|Subject:||Getting past imread fault in Octave 2.1.73|
|Date:||Sun, 21 Jan 2007 09:48:32 -0500|
I do not know if this will be of use to anyone, but I thought
I should mention it anyway. It is a way to get past
a problem I emailed about recently ...
I have found that imread() in Octave 2.1.73 (running
under Windows XP w. ServicePack 2) does not work.
I have ImageMagick now but this does not eliminate
I do not know enough about the 'guts' of Octave to
fix a problem like this, and a patch seems unavailable.
I do not wish to attempt a re-install, or major re-build.
Workaround (a kludge):
Java J2SE, JAI (Java Advanced Imaging) are freely
available from Sun Microsystems. The NetBeans
IDE from Sun is also free, but the BlueJ IDE (free)
is much easier to use and takes up a lot less disk space.
Using JAI it is not hard to read in digital images in
a wide format range, and then output the image as
an integer array to a file.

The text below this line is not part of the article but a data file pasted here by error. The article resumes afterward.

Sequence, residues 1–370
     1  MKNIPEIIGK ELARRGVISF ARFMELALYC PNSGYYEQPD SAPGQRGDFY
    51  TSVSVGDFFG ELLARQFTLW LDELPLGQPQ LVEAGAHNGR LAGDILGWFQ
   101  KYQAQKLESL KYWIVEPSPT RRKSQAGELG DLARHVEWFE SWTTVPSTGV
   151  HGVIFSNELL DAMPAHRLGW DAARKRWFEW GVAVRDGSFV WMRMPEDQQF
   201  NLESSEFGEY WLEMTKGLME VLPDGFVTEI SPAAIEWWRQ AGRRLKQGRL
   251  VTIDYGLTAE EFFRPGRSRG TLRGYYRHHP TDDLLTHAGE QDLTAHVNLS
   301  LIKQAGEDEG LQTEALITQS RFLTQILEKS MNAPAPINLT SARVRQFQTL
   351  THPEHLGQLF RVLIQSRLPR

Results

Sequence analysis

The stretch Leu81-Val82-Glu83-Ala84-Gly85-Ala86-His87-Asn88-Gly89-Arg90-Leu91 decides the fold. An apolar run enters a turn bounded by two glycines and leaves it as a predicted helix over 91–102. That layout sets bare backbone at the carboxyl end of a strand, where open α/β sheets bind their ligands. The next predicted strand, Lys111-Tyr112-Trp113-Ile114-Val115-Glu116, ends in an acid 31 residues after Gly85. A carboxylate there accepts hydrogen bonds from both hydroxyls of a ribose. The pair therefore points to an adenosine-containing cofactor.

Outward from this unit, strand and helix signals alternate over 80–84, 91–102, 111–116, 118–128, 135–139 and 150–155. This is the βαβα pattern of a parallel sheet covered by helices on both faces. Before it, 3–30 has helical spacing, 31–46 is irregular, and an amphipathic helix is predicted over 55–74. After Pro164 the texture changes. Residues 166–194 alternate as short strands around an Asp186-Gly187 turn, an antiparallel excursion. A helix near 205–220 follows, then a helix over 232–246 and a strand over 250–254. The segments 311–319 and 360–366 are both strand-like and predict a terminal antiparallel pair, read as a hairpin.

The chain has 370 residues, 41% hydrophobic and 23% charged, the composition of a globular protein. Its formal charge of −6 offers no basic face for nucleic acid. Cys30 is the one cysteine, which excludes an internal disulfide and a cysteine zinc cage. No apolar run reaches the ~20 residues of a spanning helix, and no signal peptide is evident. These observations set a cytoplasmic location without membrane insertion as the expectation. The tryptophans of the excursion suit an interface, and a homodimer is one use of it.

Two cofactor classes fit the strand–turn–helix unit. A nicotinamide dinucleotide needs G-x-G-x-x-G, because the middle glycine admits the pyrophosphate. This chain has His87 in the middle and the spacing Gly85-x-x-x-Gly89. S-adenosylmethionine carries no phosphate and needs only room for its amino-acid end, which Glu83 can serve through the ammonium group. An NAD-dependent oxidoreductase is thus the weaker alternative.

The integer array form is easily read in by Octave
2.1.73 using fscanf. Of course, once the integer
array is read in then one may process it in any manner
that one sees fit. Image display function imshow()
appears to function (more-or-less), and so a processed
result is easily displayed, and subsequently saveable
as a .bmp file.
1) Converting an image to an integer array expands
file size as bytes get turned into 4-byte integers.
2) When the Octave file reader and imshow have
done their work, and the Octave session ends I have
noticed that Octave 2.1.73 loves to create very large
Octave-Core files (e.g., 8 Mbytes and up).
I do not know why this happens, but Octave-Core
can be deleted.
3) I have not tried color images yet as my application
does not need this.
4) Of course, JAI is for digital image processing and
one may attempt to do any processing of interest
using Java/JAI, and forget about Octave altogether.
However, JAI is not so easy to use, and one may not
like to spend much time learning Java/JAI. Also,
even if one is an expert in Java/JAI, algorithm
development tends to be faster in Octave than
Java/JAI. (Consistent with the notion that scripting
languages are for rapid prototype development.)
Christopher J. Zarowski, Ph. D., P. Eng. (Ontario)
IEEE Senior Member
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